It must make a difference when the implications of what we do are immediately apparent: when unkind attitudes are mirrored by another’s face or careless actions evidenced within our environment. If we had to live through the personal and natural consequences of all we do, it’s conceivable we would quickly learn to keep ourselves in check.
Maybe, in a way, that’s one of society’s functions: to provide that sense of meaning, regulation and self-restraint which is arguably quite essential for any community to exist harmoniously (see Notes One). These days though, it’s rarely the case. So much is almost completely invisible, while our own experiences are being dialled up and possibly further drowning out our ability to notice what’s really going on.
It’s challenging to grasp the reality we’re involved in creating, to see how everything fits and where our choices are hitting home. Ways opinions and attitudes are being conveyed: interactions playing out, affecting others and those around them in personal realities we’re often now a part of. Then the complex socio-economic networks we may partake in without understanding fully; bearing consequences that are nonetheless very real.
I wonder sometimes to what extent “all that’s going on” would be tolerated if it had to be done directly, without the convenient mediation of technology. Having to go out of your way to say something to someone’s face, then face up to the social context of it all, presumably used to be a reasonably effective deterrent to antisocial behaviour: you saw the personal impact; you felt the disapproval of your community.
The internet seems to be empowering an awful lot of activity that communities previously used to curtail in the earlier stages (Note Two). It’s obviously something that’s getting talked about a great deal – how technology is changing modern society – and maybe because we sense it’s fundamentally important while also being incredibly hard to get to grips with (Notes Three).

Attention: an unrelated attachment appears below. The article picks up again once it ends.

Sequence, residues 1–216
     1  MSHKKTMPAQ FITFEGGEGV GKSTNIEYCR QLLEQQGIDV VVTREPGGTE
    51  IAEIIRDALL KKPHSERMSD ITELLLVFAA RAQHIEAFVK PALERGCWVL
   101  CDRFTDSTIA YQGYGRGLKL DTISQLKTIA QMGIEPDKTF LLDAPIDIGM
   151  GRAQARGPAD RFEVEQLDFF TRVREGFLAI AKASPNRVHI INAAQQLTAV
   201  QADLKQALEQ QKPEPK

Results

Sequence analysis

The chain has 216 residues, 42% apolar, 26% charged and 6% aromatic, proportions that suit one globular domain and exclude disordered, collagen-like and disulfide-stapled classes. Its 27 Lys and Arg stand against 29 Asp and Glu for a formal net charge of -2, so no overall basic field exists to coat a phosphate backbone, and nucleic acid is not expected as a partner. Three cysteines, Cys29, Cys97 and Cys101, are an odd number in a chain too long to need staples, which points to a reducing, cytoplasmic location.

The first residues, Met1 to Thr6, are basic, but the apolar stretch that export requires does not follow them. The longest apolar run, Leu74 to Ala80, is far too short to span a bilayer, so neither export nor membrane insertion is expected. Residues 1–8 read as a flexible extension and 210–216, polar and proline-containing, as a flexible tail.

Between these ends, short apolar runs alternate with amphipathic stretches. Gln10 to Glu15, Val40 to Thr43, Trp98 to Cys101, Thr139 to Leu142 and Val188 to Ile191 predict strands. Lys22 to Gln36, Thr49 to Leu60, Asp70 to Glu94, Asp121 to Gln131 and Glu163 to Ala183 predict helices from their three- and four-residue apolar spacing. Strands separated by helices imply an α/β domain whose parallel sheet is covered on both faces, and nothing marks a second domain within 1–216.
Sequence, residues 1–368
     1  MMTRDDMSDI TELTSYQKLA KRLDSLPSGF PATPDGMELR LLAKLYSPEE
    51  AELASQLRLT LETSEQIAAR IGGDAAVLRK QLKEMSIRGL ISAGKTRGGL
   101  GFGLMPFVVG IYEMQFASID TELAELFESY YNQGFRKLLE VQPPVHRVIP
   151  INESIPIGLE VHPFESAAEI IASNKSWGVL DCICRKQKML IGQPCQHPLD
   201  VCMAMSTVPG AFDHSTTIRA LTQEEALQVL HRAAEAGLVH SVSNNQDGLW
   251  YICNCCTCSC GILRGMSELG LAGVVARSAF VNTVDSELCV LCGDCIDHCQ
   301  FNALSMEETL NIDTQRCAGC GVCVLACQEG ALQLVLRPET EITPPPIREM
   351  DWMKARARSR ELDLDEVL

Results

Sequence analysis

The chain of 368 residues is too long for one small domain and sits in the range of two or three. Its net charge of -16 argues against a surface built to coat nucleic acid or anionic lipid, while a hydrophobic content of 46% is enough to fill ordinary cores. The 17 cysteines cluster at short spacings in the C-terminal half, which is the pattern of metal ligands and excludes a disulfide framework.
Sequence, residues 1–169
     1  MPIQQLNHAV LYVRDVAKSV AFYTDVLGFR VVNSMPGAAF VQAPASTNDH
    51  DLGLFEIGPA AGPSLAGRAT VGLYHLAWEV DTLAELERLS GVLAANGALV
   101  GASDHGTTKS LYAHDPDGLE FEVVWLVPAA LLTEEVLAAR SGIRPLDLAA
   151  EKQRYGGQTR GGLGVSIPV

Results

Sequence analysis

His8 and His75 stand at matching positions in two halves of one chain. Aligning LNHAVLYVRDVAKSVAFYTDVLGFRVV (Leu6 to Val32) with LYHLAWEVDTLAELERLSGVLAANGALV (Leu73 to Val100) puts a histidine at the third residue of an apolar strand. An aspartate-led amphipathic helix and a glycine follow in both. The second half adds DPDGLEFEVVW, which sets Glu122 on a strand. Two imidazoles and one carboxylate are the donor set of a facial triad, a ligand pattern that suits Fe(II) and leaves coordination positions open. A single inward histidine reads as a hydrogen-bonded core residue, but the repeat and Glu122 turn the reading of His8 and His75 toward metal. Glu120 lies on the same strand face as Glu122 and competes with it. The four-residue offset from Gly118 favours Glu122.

To me, life is about humanity and how we’re choosing to live in relationship to one another and the world around us. It’s the thoughts and intentions we bring to bear within those spaces and the realities we’re now weaving across the globe as our lives intersect in all these countless ways. It’s the values we prioritise in that, the worth we assign to life and the ability of the planet to sustain it.
And in so many ways modern living seems to be threatening that; undermining the threads that make up society and the foundations of our shared existence. Technology seemingly encouraging us to live at such a pace where we must limit our focus in order to manage: where ignoring our impacts, disregarding so many and so much, and justifying it one way or another is becoming ‘normal’.
Is it normal? Has humanity ever lived so carelessly of its social and environmental impacts? Is it wise to do so? And what would it mean to ‘stay human’ in a world that’s almost inviting us to turn a blind eye?
Notes and References:
Note 1: Mirrors we offer one another
Note 1: Human nature and community life
Note 2: People, rules & social cohesion
Note 3: Technology & the lack of constraint
Note 3: “Response Ability” by Frank Fisher
Note 3: Reality as a sense check
Looking in a slightly different way at living within troubling times, there’s Dealing with imperfection.